“Apple makes iCloud.com look like a iPad homescreen” by Mitchell Clark

Screenshot of the updated iCloud.com.
It’s a very new look for Apple’s online portal to your documents, pictures, and more.

Apple has updated iCloud.com to make the site look and feel significantly more modern, adding widget-like tiles that show you information from photos, notes, mail, and more (via MacRumors). It’s a big change from the previous version of the site, which basically just showed a handful of icons that acted as links to web apps, and should be a welcome upgrade for anyone who has to regularly access their iCloud data from a browser rather than an app running on an iPhone or Mac.

With the new design, which was available to beta testers last month, you can customize your iCloud.com homepage, adding tiles that can show your most recent photos, emails, documents, calendar events, notes, and more. Like with most iOS widgets, though, you’ll still have to jump into the apps if you want to do anything with that info; if you click the tick circle next to a reminder, you’ll just be taken to the Reminders web app. It’ll show you where the list lives with the reminder you clicked, but you’ll have to click the circle again when the web app loads to actually mark the task as completed.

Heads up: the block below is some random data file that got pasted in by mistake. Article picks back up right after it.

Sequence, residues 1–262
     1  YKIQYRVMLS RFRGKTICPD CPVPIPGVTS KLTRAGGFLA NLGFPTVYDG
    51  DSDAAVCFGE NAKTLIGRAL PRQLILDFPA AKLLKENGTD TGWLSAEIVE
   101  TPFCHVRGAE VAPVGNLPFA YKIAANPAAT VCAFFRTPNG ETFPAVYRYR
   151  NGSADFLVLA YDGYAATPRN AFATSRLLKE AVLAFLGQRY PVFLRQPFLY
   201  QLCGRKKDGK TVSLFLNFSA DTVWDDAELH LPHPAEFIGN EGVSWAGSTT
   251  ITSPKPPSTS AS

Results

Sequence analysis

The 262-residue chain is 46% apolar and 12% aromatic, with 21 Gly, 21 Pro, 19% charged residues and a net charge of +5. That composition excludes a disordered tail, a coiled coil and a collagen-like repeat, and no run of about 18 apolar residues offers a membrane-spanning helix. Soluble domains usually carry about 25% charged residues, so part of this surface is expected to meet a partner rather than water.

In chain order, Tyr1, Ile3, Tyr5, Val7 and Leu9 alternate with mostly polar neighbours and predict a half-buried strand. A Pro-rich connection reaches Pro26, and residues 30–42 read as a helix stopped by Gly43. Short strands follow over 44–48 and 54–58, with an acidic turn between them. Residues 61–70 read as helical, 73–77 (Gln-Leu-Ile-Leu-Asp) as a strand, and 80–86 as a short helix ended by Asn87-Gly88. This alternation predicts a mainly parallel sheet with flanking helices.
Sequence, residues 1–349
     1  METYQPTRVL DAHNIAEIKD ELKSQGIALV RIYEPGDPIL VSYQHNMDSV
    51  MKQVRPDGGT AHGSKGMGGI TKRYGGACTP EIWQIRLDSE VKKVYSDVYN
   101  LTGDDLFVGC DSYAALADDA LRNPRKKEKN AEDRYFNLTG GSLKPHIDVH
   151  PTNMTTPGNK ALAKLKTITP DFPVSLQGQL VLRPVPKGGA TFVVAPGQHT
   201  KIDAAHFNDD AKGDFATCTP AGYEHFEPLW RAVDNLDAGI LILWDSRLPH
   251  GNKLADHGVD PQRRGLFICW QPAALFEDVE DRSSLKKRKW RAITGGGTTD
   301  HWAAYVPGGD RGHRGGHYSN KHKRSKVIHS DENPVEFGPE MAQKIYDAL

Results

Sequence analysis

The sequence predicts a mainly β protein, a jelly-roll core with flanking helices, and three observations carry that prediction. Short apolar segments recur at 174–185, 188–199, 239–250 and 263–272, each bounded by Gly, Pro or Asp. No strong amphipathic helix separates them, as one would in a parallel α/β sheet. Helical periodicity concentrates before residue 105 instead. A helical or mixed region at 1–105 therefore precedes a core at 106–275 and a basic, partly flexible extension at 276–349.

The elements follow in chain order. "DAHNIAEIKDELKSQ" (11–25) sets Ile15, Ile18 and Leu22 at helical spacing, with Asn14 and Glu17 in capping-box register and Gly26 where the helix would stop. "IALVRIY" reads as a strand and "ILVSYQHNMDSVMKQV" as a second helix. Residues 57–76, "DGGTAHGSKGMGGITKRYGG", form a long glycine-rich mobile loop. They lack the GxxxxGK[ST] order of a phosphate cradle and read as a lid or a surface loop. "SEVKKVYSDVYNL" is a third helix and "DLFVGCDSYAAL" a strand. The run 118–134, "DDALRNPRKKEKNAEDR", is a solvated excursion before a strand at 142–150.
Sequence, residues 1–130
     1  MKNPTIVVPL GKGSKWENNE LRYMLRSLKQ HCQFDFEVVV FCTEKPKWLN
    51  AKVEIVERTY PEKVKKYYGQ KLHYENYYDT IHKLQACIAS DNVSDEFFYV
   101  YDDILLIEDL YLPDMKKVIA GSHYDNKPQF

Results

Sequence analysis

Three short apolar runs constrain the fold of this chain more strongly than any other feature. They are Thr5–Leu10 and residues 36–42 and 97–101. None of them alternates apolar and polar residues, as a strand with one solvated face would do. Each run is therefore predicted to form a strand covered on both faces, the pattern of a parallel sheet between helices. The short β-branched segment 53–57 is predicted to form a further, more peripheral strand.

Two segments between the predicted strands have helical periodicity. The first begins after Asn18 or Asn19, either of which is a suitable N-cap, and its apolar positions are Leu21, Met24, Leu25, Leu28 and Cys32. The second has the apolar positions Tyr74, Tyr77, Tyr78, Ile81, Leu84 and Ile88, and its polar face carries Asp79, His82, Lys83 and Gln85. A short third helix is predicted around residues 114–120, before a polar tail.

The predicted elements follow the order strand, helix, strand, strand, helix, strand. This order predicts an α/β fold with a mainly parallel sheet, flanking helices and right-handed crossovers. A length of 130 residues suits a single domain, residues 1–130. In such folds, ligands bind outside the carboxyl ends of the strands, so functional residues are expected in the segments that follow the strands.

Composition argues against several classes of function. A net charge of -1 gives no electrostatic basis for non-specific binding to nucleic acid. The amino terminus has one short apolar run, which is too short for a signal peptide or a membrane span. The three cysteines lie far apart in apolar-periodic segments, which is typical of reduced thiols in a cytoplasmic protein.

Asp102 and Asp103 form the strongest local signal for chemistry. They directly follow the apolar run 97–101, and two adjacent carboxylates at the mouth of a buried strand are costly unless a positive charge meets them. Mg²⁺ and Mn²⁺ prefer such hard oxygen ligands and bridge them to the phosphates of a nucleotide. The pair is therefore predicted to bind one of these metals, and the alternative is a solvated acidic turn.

Screenshot of the customization options for the new iCloud design, giving the user the option to add a photo, mail, drive, notes, calendar, numbers, pages, reminders, keynote, hide my email, custom domain, or apps tile.
You can customize the home page by adding or removing tiles — and yes, the site does have a “jiggle mode” when you’re changing things around.

Still, it’s nice to be able to see some important info at a glance, and to have some options about what info the home page puts front-and-center.

The pages that let you manage your iCloud account settings from a browser have also gotten a fresh coat of paint; this PCMag article offers a good idea of what they used to look like.

Screenshot of the old iCloud.com, with icons for mail, contacts, calendar, photos, iCloud Drive, Notes, Reminders, Pages, Numbers, Keynote, and Find iPhone.
iCloud.com’s previous design — note the lack of any information from these apps.

In terms of what you can actually do with the site, I didn’t notice any groundbreaking new features. The iCloud versions of apps like Pages and Numbers get updated at their own cadence, and mostly feel the same as they did the last time I used them. For anyone who regularly has to use those web apps, though, the experience of getting to them from iCloud.com should be just a bit nicer now.

source https://www.theverge.com/2022/11/16/23463422/apple-icloud-website-redesign-update

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